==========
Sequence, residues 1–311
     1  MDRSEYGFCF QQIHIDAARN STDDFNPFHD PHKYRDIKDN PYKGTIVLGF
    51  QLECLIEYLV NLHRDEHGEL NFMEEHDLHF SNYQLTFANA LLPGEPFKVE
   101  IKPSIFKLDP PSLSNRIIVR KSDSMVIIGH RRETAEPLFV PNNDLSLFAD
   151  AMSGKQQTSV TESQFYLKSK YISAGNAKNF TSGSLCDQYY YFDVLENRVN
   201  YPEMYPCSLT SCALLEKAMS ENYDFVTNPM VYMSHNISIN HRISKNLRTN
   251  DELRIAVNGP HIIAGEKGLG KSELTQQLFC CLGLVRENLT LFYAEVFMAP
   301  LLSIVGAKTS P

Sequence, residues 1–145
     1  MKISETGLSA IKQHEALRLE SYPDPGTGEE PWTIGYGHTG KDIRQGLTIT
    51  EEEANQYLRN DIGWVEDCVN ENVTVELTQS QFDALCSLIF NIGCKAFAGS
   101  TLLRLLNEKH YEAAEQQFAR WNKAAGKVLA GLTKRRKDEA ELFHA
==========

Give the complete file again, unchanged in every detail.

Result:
Sequence, residues 1–311
     1  MDRSEYGFCF QQIHIDAARN STDDFNPFHD PHKYRDIKDN PYKGTIVLGF
    51  QLECLIEYLV NLHRDEHGEL NFMEEHDLHF SNYQLTFANA LLPGEPFKVE
   101  IKPSIFKLDP PSLSNRIIVR KSDSMVIIGH RRETAEPLFV PNNDLSLFAD
   151  AMSGKQQTSV TESQFYLKSK YISAGNAKNF TSGSLCDQYY YFDVLENRVN
   201  YPEMYPCSLT SCALLEKAMS ENYDFVTNPM VYMSHNISIN HRISKNLRTN
   251  DELRIAVNGP HIIAGEKGLG KSELTQQLFC CLGLVRENLT LFYAEVFMAP
   301  LLSIVGAKTS P

Sequence, residues 1–145
     1  MKISETGLSA IKQHEALRLE SYPDPGTGEE PWTIGYGHTG KDIRQGLTIT
    51  EEEANQYLRN DIGWVEDCVN ENVTVELTQS QFDALCSLIF NIGCKAFAGS
   101  TLLRLLNEKH YEAAEQQFAR WNKAAGKVLA GLTKRRKDEA ELFHA